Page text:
In support of their motion to remand, Plaintiffs argue that Defendants failed to prove that Plaintiffs' claims against the diversity-destroying Missouri Defendants have no reasonable basis in fact and law. Plaintiffs argue that Missouri choice-of-law principles dictate that Missouri law governs whether Plaintiffs may prevail against Wireless and the co-employee Defendants, as Decedent was a Missouri resident, Decedent's employment was centered in Missouri, a significant part of the tortious conduct leading to Decedent's death occurred in Missouri, Wireless is a Missouri corporation, and the parties fully expected Missouri Workers' Compensation law to apply to claims arising out of the incident at issue. Plaintiffs contend that when making the decision in Garner I, this Court did not have all the evidence showing the significant relationship Defendants had with Missouri, including the Report of Injury filed in Missouri by Wireless, and the admission by Wireless in the Answer to Claim for Compensation with respect to Powers' claim, and by implication, also Decedent's claim arising from the same incident.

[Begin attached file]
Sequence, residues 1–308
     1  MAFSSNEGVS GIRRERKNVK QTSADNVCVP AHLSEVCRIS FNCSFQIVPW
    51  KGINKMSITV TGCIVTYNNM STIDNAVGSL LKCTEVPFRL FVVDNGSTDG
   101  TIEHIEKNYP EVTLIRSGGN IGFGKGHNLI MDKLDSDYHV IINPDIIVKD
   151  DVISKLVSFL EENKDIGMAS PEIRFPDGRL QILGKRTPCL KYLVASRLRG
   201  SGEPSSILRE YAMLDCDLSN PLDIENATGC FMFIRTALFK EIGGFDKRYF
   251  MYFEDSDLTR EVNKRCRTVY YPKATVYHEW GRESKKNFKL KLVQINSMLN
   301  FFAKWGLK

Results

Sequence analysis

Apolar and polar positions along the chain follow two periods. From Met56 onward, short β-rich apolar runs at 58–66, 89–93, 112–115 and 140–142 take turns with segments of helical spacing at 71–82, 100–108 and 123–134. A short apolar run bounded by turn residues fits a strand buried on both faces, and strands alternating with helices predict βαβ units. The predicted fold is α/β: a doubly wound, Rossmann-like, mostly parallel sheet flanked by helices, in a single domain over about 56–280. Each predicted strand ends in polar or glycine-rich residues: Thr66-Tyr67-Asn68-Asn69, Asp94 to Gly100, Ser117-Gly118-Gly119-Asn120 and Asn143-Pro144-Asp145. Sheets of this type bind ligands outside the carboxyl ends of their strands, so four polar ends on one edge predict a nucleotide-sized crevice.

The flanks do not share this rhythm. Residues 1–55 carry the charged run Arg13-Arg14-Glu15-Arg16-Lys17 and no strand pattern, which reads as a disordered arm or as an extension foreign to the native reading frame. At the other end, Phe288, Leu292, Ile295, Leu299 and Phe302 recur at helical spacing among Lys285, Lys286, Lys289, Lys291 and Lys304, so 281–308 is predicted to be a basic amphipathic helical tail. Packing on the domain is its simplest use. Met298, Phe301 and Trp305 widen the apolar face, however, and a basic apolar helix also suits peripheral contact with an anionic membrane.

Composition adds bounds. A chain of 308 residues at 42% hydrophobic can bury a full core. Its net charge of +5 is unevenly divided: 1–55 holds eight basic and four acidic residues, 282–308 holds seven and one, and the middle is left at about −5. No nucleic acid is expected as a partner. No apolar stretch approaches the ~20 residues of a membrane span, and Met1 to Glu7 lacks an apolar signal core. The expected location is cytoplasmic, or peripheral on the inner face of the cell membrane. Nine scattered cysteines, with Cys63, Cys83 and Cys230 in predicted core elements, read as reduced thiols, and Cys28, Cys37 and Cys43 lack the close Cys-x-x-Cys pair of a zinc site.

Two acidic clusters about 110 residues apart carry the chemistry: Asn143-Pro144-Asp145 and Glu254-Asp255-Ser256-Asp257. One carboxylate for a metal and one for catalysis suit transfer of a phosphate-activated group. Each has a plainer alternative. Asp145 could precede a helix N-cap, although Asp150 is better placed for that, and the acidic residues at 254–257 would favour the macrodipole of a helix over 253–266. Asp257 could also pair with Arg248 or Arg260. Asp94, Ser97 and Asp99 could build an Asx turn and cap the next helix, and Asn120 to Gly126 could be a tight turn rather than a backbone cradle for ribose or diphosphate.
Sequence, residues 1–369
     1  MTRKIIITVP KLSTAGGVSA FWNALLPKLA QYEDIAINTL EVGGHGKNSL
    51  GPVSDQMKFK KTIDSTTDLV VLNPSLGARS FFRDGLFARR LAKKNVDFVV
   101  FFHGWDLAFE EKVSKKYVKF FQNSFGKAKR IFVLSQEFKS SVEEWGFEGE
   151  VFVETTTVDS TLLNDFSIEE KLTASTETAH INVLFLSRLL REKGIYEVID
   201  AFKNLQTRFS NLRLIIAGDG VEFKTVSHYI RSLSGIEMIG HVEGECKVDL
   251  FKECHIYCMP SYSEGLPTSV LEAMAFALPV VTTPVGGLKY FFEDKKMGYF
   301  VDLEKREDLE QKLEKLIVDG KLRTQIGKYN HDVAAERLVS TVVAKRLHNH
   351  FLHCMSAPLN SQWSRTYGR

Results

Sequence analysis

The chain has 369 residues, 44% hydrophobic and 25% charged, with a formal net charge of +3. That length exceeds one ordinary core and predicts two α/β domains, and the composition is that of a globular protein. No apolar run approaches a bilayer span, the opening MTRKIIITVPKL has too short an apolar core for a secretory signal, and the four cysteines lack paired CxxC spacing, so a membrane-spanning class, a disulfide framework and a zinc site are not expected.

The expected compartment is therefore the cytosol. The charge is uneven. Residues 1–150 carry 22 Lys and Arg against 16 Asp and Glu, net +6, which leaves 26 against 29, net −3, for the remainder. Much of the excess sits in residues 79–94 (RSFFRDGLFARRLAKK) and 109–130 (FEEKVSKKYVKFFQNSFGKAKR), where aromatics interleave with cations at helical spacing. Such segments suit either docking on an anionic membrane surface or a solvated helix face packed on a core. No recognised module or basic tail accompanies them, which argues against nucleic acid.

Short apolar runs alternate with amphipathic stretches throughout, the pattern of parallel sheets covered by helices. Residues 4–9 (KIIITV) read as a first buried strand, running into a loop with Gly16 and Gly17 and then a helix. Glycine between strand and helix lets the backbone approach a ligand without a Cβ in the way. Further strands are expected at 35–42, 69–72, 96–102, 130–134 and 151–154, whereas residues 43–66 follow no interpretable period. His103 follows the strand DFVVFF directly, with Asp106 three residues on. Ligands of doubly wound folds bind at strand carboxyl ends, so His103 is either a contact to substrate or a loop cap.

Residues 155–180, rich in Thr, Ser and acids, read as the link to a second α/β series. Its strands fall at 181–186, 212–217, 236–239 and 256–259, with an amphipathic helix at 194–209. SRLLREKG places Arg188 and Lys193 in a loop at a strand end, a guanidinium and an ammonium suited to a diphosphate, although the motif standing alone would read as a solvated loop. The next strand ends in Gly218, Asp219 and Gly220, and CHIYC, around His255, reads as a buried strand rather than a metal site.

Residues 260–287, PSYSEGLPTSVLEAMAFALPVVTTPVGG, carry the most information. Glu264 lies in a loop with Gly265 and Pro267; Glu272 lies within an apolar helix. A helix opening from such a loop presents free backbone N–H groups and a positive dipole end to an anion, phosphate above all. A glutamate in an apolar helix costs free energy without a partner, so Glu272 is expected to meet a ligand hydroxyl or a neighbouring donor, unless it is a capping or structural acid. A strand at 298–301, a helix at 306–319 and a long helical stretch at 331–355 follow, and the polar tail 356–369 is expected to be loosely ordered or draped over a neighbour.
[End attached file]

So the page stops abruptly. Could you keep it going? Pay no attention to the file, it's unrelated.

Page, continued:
In response, Defendants contend that the doctrine of collateral estoppel precludes Plaintiffs from relitigating the issues decided in Garner I, namely whether Kansas Worker's Compensation law applied, so as to preclude Plaintiff's claims against Wireless, and by implication, the co-employee Defendants.[2] Defendants contend that collateral estoppel applies because the issue decided in Garner I is the same issue presented in this case, namely fraudulent joinder; the prior adjudication resulted in a judgment on the merits of that issue; Plaintiffs, here the parties against whom collateral estoppel is asserted, were Plaintiffs in the earlier suit; and Plaintiffs had a full and fair opportunity to litigate the issue in Garner I. In the alternative, Defendants contend that Kansas law should govern based on several factors showing Kansas has the most significant ...